U.S. Supreme Court amicus curiae Brief Filed by FIDH, Amnesty International, Human Rights Institute of the International Bar Association, and the International Law Association

Brief Argues Detainees Possess the Right to Challenge the Lawfulness of their Detention

The International Federation for Human Rights (FIDH) along with Amnesty International, Human Rights Institute of the International Bar Association, and the International Law Association together signed an amicus curiae brief (friend of the court) in the Boumediene v. Bush and Al Odah v. United States cases. The brief in support of the petitioners was filed to the Supreme Court on Friday August 24th, 2007. The Center for Constitutional Rights (CCR), FIDH member organization in the U.S., represents the petitioners in the Al Odah case, which was consolidated with the Boumediene case.

The amicus brief was filed in support of men from the first habeas corpus petitions (challenging the lawfulness of their detention) submitted immediately after the landmark 2004 Supreme Court decision in Rasul v. Bush. Both Al Odah and Boumediene cases challenge the Military Commissions Act (MCA) of October 2006, which attempted to strip away the statutory right to habeas corpus the Supreme Court recognized in 2004 and replace it with a far more limited review process set up by the Detainee Treatment Act (DTA).

The amici in the brief "respectfully urge [the Supreme] Court to find that by denying the availability of the writ of habeas corpus to Petitioners and similarly situated detainees, the MCA [Military Commissions Act] is an unconstitutional suspension of the writ that is also in direct conflict with the United States’ obligations under international law."

The brief further argues that "the right to challenge the lawfulness of one’s detention before a competent, independent and impartial tribunal is a cornerstone of international human rights law." The United States is notably bound by article 9 of the International Covenant on Civil and Political Rights (ICCPR), which states that "anyone who is deprived of his liberty by arrest or detention shall be entitled to take proceedings before a court, in order that the court may decide without delay on the lawfulness of his detention and order his release if the detention is not lawful."

Nearly 20 amicus briefs were filed in support of the two cases, from a broad range of sources that include the United Nations High Commissioner for Human Rights, former federal judges, former Judge Advocate General’s (JAG) officers, legal historians, the bi-partisan Constitution Project, and 383 UK and European parliamentarians.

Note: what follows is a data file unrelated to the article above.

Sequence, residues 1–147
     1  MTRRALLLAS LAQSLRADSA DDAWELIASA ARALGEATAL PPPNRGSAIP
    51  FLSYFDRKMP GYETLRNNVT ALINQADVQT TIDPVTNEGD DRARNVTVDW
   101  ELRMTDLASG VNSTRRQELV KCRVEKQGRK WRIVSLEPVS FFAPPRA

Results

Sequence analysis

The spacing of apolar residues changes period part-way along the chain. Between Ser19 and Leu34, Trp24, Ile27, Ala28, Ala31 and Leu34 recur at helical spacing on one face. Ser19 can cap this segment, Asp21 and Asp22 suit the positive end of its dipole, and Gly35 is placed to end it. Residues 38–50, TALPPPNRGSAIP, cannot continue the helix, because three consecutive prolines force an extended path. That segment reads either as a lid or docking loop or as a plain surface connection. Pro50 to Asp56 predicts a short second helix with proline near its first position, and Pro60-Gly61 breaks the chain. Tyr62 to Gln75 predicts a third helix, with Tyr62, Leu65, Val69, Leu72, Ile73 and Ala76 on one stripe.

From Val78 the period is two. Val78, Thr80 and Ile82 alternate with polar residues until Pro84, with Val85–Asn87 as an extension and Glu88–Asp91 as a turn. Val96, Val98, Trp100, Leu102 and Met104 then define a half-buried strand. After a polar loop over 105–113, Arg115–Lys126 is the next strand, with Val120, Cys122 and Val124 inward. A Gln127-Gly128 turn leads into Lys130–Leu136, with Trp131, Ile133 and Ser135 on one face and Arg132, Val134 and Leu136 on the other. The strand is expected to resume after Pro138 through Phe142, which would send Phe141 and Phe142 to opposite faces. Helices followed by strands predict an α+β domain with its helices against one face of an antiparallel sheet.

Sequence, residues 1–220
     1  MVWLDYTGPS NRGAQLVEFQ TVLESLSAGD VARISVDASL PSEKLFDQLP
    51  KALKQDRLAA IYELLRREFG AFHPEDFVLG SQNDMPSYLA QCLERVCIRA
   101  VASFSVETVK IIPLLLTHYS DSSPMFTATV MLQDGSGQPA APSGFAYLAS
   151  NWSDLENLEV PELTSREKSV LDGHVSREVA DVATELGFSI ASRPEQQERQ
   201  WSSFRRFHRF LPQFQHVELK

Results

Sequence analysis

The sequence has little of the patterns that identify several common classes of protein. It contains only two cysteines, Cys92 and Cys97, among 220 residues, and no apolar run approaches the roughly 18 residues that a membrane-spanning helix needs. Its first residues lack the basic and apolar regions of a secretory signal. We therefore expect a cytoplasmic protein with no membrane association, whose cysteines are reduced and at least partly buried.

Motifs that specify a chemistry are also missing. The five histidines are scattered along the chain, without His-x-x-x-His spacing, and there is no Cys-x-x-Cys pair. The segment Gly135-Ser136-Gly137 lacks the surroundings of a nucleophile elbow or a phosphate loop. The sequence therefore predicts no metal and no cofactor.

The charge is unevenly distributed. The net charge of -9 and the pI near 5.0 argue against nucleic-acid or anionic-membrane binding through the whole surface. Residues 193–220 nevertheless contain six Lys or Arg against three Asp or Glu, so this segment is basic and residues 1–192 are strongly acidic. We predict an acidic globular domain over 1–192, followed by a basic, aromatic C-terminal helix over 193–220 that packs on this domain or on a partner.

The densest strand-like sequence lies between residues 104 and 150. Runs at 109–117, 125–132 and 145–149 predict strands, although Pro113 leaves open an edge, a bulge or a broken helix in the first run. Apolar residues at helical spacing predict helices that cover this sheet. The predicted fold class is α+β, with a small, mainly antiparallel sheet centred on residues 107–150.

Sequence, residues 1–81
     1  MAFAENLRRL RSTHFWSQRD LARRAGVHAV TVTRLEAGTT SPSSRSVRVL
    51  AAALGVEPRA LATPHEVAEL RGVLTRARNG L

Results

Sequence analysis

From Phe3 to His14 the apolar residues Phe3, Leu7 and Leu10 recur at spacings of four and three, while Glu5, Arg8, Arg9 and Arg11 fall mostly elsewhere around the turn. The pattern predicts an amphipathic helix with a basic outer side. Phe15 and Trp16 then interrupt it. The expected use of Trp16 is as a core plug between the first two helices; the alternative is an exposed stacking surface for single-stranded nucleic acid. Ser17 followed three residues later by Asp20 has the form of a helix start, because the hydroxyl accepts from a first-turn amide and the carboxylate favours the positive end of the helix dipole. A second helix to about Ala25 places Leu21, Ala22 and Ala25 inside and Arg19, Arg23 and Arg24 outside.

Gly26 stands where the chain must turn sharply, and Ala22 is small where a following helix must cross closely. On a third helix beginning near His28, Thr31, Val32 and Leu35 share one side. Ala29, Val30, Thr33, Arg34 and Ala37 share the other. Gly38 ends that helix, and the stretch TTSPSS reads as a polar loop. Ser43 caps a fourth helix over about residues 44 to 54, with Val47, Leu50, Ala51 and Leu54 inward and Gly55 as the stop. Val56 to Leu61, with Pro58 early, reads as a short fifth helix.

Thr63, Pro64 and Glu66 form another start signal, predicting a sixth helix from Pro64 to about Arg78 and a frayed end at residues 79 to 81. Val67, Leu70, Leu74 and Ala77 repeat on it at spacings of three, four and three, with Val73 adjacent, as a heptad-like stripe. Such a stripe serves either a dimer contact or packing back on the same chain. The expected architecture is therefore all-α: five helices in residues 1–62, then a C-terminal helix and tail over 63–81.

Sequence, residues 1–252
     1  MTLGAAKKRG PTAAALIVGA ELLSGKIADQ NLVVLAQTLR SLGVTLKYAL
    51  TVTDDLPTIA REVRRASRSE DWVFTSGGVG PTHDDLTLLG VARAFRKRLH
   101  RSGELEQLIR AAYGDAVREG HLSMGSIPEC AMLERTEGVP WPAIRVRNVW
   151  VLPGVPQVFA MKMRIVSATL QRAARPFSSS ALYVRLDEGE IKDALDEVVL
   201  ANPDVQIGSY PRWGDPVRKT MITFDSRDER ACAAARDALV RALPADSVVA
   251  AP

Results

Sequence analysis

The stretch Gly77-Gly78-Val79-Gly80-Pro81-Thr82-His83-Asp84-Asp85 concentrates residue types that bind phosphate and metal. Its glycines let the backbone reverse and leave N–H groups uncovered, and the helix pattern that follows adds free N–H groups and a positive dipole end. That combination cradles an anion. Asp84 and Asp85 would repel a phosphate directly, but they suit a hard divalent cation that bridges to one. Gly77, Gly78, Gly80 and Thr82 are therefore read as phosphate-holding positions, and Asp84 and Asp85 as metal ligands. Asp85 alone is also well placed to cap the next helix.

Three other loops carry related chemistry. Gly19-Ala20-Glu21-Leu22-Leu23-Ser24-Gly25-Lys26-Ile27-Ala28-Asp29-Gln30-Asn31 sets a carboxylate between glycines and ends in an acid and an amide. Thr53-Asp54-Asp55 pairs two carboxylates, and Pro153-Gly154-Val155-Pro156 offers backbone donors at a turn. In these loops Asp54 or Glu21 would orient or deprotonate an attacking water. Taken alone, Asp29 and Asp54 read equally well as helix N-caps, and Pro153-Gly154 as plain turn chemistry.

Last April, the Supreme Court initially declined to hear the cases, but, for the first time in 60 years, reversed itself and announced on June 29, its final day in session, that it would hear Al Odah / Boumediene during the Court’s 2007-2008 Term. Arguments are tentatively scheduled for December 5, 2007.

For more information, read the brief of amici curiae attached and the background summary on the cases below.

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“Background,” by the Center for Constitutional Rights (CCR)

Al Odah consists of the first 11 habeas corpus petitions filed after the landmark Supreme Court decision in Rasul v. Bush; Boumediene is on behalf of six humanitarian workers seized by the U.S. military in Bosnia after the Bosnian courts ordered local authorities to release them. In Al Odah, D.C. District Court Judge Joyce Hens Green stated that detainees possess "the fundamental right to due process of law under the Fifth Amendment." Reaching an entirely different conclusion, Judge Richard Leon dismissed the Boumediene appeals, ruling that the detainees possess no constitutional rights - making the right of access to the courts recognized in Rasul an empty shell. Both cases were appealed, and the two cases were consolidated for oral arguments before the D.C. Circuit Court of Appeals.

While the cases were pending, Congress passed the DTA in 2005 and the Military Commissions Act in 2006. The MCA attempts to strip detainees of their statutory right to challenge their detention in the courts.

In April 2007, when the Supreme Court initially refused to hear Al Odah / Boumediene, three justices had dissented and two, Justices Stevens and Kennedy, issued a statement suggesting that the detainees should exhaust the process set up by the DTA before they would consider ruling on constitutional questions. However, the two Justices made a point of noting that the Court could revisit the case if it turned out that the DTA process provided an "inadequate remed[y]," if the "Government unreasonably delayed proceedings" under the DTA, or if the "government were to take additional steps to prejudice the position of detainees in seeking review in this Court."

Attorneys subsequently filed rehearing petitions outlining the ways in which the DTA and CSRT processes were not working and asking the court to reconsider review. According to CCR attorneys, the CSRT’s are a sham process. The government controls what evidence and witnesses are permitted, evidence obtained by torture is permissible, and the detainees have no lawyer representing them and no guarantee of due process. Some detainees were sent through the CSRT process as many as three times until they were found guilty - the process is designed, say attorneys, to get the government the results it wants.

Under the DTA, the Court of Appeals is only allowed to determine whether the military adhered to its own rules in the CSRT process. The government claims that the DTA does not allow any new evidence or additional facts to be presented to the court by the detainee.

For more information on Al Odah v. United States, visit www.ccr-ny.org/SupremeCourt.

For background on the original case, Rasul v. Bush, visit www.ccr-ny.org/RasulvBush.

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